• Moisturize your hands twice a day. Nails need moisturizer the same way your skin does. When moisturizing your hands, rub lotion into your nails. Reapply after washing your hands. It will strengthen and maintain nail growth.
  • Maintain a healthy diet full of vitamins. If your diet lacks protein and essential vitamins, your nails may become dry or brittle. If you suspect that your diet may be unbalanced and need help correcting it, consult a doctor and ask what you could do.

Your Diet And Nails

What you eat will reflect on the health of your nails, too.

  • Lack of vitamin A and calcium causes dryness and brittleness.
  • Lack of protein, folic acid and vitamin C causes hang nails.
  • White bands across the nails are caused by protein deficiency.
  • A lack of sufficient hydrochloric acid can cause splitting nails.
  • Insufficient intake or vitamin B12 can lead to excessive dryness, very rounded and curved ends and darkening of nails.
  • Insufficient zinc can cause development of white spots on the nails.
  • Cuts and cracks in the nails may indicate a need for more liquids.
  • Red skin around your cuticles can be caused by poor metabolism of essential fatty acids. Here are some  guidelines to follow for improving the health of your nails:
  • Eat a diet composed of 50% fruit and raw vegetables in order to supply necessary vitamins, minerals and enzymes. Eat foods rich in sulfur and silicon, such as broccoli, fish and onions. Include foods rich in biotin such as soy,  yeast and whole grains.
  • Drink plenty of water and other liquids.
  • You may supplement your diet with royal jelly, spirulina or kelp, which are rich in silica, zinc and B vitamins and help to strengthen your nails.
  • Drink fresh carrot juice daily, this is high in calcium and phosphorus and is excellent for strengthening nails.

Eat well and your whole body will be better, healthier, more beautiful!

This series has been sponsored by Depilex F-8 Islamabad, join their social media:

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Nail Care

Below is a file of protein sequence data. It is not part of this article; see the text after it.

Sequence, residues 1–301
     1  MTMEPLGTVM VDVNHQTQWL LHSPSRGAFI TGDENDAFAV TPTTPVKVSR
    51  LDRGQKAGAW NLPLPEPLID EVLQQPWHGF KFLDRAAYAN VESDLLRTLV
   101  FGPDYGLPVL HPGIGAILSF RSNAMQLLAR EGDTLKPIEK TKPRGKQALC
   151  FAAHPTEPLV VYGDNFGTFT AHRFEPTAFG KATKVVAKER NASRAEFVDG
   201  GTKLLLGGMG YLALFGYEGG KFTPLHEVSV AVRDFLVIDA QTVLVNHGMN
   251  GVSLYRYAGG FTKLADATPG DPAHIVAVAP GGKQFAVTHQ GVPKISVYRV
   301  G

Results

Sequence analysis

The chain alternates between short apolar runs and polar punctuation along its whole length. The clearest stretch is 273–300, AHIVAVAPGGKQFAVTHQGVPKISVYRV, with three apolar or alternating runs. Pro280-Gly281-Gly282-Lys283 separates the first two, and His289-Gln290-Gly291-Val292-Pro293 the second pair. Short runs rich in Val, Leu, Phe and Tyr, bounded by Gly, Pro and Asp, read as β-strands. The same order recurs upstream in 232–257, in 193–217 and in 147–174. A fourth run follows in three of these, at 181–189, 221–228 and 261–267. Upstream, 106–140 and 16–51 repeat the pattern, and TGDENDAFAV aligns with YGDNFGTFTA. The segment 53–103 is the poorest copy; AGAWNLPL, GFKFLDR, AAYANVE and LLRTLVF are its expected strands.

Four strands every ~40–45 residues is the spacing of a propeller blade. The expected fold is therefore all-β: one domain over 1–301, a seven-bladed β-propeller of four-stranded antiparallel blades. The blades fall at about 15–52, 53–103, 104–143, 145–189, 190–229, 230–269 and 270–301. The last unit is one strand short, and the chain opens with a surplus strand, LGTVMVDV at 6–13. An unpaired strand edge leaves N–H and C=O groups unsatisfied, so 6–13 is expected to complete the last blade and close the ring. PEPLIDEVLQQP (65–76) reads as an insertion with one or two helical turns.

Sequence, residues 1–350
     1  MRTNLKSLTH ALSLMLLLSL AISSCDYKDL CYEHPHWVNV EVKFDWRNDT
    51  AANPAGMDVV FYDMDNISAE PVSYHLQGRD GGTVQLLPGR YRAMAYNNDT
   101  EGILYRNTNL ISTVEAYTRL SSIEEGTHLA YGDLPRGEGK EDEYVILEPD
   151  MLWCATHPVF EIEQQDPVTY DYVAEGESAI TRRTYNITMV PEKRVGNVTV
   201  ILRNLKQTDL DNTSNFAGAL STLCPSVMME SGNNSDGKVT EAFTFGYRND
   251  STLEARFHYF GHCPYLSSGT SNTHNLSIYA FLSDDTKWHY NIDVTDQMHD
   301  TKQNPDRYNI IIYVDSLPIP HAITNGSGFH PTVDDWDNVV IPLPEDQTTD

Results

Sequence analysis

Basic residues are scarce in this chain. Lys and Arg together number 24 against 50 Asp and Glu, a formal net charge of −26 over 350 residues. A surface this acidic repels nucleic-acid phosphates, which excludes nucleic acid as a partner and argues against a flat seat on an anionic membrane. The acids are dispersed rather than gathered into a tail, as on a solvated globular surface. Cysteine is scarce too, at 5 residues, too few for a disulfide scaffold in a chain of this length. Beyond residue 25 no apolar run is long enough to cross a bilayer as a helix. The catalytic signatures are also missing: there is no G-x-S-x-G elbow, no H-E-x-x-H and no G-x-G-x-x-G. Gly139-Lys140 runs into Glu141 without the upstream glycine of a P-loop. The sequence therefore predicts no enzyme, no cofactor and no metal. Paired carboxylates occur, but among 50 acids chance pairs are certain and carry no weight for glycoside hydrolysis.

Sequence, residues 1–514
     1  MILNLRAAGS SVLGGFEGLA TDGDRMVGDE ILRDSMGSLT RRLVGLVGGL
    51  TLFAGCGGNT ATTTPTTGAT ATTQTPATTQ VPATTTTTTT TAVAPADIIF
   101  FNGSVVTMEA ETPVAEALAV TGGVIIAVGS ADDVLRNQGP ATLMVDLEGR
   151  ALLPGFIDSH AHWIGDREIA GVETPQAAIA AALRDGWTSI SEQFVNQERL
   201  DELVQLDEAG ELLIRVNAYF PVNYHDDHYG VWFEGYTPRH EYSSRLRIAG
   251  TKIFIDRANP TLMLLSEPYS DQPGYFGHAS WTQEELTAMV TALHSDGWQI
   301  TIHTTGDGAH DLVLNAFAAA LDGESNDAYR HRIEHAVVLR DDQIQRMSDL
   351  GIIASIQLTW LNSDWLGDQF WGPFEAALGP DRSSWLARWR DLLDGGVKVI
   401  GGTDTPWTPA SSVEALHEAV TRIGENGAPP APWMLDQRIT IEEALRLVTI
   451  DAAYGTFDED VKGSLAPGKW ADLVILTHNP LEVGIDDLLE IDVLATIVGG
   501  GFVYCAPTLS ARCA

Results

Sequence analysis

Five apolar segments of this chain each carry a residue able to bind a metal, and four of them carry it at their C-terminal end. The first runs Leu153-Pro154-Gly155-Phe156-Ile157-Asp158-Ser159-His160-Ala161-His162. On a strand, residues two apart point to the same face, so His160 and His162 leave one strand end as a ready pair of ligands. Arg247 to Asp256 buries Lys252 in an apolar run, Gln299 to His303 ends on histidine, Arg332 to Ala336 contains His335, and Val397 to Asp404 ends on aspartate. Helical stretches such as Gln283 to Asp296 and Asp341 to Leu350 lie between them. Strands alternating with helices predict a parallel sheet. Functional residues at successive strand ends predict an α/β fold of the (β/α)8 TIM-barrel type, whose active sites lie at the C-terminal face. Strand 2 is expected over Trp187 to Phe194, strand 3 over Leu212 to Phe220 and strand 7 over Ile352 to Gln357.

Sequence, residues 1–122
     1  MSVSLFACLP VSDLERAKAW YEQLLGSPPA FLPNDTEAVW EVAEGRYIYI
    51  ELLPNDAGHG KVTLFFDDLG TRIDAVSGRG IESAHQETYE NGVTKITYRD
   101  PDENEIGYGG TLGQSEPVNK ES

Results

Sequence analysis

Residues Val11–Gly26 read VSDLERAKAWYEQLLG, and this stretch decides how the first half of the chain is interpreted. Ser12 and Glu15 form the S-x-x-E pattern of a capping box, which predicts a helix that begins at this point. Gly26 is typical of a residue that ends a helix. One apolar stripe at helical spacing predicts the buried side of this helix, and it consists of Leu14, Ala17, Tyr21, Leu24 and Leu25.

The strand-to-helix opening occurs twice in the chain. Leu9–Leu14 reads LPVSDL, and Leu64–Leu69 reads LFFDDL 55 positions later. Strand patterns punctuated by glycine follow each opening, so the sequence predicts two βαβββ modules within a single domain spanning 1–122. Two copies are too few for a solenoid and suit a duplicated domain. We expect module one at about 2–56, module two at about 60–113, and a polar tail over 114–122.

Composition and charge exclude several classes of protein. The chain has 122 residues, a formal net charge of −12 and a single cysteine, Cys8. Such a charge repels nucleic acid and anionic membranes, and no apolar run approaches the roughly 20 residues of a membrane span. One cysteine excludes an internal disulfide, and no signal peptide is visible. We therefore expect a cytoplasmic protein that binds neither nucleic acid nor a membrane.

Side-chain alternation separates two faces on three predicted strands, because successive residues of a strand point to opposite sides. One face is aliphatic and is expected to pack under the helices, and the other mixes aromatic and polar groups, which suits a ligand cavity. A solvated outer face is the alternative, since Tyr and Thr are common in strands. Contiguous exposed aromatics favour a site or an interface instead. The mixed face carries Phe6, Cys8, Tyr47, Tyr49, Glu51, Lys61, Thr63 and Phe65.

Take a close look at your nails. Are they strong and healthy looking? Or do you see ridges, dents, or areas of unusual color or shape? Many less than desirable nail conditions can be avoided through proper care, but some actually indicate an illness that requires attention. Your nails — composed of laminated layers of a protein called keratin — grow from the area at the base of the nail under your cuticle. As new cells grow, older cells become hard and compacted and are eventually pushed out toward your fingertips.

Your nails — composed of laminated layers of a protein called keratin — grow from the area at the base of the nail under your cuticle. As new cells grow, older cells become hard and compacted and are eventually pushed out toward your fingertips.

Healthy nails are smooth, without ridges or grooves. They’re uniform in color and consistency and free of spots or discoloration. Nails can develop harmless conditions, such as vertical ridges that run from the cuticle to the tip of the nail. Vertical ridges become more prominent with age. Nails can also develop white lines or spots due to injury, but these eventually grow out with the nail.

Not all nail conditions are normal, however. Some are signs of diseases that require medical attention. See your doctor if you notice these changes in your nails:

  • Yellow discoloration
  • Separation of your nail from the nail bed (onycholysis)
  • Indentations that run across your nails (Beau’s lines)
  • Nail pitting
  • Opaque or white nails
  • Curled nails